The system remained virtually balanced, with steady imports from Norway offsetting reduced flows from the UK Continental Shelf (UKCS), as well as strong demand for gas from the generation sector. Demand was also being kept firm by continued strong exports to the Continent as the European market remains firmly in storage injection phase.
While some weakness came from lower crude oil prices, this was being offset by concerns over supply flexibility – both for the near-term and for the next winter.
In the short-term, a wave of fresh offshore maintenance is expected in August, which has raised speculation over what will change in the supply-demand balance to compensate, especially as LNG imports remain weak in the light of strong Asian demand. This may lead to storage withdrawals, which just raises fresh concerns over the winter, and how the system will cope without Rough storage and the reduced output from the Groningen Dutch gas field.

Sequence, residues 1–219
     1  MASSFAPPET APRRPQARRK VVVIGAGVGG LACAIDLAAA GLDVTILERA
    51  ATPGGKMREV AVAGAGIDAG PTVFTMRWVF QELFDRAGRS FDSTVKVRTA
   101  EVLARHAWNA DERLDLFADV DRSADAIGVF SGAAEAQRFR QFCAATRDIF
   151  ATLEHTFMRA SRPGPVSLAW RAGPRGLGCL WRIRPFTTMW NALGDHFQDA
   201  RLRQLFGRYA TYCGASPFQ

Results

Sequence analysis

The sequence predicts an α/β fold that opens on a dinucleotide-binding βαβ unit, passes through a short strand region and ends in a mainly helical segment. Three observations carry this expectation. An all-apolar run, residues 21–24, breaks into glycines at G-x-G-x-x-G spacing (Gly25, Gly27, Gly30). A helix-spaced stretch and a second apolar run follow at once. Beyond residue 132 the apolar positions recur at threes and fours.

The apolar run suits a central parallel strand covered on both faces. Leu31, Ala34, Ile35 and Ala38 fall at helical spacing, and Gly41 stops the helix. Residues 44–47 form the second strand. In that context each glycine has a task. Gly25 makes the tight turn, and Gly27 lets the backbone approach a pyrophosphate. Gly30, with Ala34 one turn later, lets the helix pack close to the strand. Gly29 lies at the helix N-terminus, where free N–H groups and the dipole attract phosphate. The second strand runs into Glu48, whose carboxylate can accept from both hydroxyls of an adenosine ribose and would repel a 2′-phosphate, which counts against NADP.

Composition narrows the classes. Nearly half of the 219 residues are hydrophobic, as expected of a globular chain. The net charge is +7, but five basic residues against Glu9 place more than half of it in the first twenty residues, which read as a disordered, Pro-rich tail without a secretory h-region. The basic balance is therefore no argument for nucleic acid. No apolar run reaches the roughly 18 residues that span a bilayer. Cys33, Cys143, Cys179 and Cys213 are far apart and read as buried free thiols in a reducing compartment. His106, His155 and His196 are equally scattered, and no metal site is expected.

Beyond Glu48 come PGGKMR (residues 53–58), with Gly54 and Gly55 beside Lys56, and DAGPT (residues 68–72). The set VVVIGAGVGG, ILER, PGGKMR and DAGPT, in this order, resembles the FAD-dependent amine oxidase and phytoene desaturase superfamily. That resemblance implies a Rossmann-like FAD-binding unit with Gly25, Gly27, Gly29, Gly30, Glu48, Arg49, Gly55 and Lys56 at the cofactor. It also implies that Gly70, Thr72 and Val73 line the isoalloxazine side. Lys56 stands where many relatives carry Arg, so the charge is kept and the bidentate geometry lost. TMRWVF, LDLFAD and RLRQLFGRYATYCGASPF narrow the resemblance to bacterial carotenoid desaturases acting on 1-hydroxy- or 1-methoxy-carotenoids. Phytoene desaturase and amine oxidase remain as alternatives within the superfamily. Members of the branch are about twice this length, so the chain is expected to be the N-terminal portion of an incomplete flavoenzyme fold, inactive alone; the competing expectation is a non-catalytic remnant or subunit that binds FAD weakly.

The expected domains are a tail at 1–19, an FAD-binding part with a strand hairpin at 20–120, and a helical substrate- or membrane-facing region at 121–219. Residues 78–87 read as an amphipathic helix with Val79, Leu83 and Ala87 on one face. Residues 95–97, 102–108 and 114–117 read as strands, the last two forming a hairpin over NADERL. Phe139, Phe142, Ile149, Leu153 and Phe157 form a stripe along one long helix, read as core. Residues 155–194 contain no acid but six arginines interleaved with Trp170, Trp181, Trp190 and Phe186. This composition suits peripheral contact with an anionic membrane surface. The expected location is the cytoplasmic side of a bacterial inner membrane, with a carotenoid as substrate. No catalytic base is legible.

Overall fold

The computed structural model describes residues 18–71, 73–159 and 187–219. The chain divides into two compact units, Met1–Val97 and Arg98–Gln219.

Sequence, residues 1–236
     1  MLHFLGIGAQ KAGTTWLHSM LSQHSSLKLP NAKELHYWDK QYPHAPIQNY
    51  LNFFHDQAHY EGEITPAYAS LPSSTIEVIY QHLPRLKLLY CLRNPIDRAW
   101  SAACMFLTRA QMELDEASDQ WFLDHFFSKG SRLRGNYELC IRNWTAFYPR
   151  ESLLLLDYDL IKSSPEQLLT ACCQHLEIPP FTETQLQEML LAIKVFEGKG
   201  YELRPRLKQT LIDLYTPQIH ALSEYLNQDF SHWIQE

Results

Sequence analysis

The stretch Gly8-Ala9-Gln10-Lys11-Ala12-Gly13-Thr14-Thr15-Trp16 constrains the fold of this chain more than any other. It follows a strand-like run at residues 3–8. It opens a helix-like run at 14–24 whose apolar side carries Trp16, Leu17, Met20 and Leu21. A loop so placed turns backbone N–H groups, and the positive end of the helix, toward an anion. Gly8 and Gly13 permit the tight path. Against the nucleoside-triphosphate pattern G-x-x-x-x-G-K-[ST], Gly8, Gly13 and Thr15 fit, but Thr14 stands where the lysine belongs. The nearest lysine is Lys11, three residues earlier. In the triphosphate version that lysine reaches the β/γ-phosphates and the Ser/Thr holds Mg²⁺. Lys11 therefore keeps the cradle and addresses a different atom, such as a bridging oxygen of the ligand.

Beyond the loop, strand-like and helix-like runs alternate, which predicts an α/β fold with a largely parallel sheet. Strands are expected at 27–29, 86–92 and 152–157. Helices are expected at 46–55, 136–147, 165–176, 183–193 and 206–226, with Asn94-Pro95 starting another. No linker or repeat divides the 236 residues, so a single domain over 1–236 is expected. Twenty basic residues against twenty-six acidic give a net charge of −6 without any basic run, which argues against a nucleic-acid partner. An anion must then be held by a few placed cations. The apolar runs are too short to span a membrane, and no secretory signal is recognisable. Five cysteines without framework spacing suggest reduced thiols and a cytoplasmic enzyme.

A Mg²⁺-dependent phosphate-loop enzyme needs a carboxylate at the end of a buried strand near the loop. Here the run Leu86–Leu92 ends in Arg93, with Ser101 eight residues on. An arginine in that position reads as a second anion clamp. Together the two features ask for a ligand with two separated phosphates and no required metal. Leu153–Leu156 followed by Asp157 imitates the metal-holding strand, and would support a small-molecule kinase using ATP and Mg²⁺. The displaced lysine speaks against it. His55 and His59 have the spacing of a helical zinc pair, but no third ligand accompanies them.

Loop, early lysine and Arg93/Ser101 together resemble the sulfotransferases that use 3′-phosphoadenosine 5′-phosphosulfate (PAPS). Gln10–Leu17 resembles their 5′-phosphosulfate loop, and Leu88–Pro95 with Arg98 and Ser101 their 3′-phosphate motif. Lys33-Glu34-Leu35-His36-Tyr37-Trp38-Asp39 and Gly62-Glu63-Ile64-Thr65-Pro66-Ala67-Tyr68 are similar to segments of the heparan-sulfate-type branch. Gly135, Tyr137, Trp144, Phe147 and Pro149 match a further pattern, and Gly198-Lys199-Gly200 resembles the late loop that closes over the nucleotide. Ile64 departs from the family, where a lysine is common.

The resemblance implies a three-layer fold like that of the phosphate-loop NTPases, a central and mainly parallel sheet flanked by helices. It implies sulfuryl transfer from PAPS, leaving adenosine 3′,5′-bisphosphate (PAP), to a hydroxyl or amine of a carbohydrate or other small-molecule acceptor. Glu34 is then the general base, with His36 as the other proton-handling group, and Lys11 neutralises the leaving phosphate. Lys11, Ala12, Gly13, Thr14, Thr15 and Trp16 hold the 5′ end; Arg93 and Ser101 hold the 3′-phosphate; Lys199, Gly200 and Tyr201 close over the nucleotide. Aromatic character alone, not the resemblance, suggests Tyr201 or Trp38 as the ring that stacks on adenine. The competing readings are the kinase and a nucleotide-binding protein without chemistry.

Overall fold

Power prices echoed the lack of net movement in the gas market. The correlation between gas and power was enhanced in the last few weeks due to the strong use of gas in the fuel mix. Low wind has required the use of CCGTs.
A small drop in coal prices may have also improved the economics for some coal-fired plant, with the use of the fuel rising a little in the last few weeks. However, the use of fossil-fuels also keeps the UK exposed to the carbon market, which remains elevated, supporting the electricity price. Offsetting the support to some degree was weak demand, which is below levels for the last few years.
The UK has not yet deployed the same level of air conditioning as elsewhere in Europe, so the sustained hot weather has not been as supportive for demand as it has been in other regions.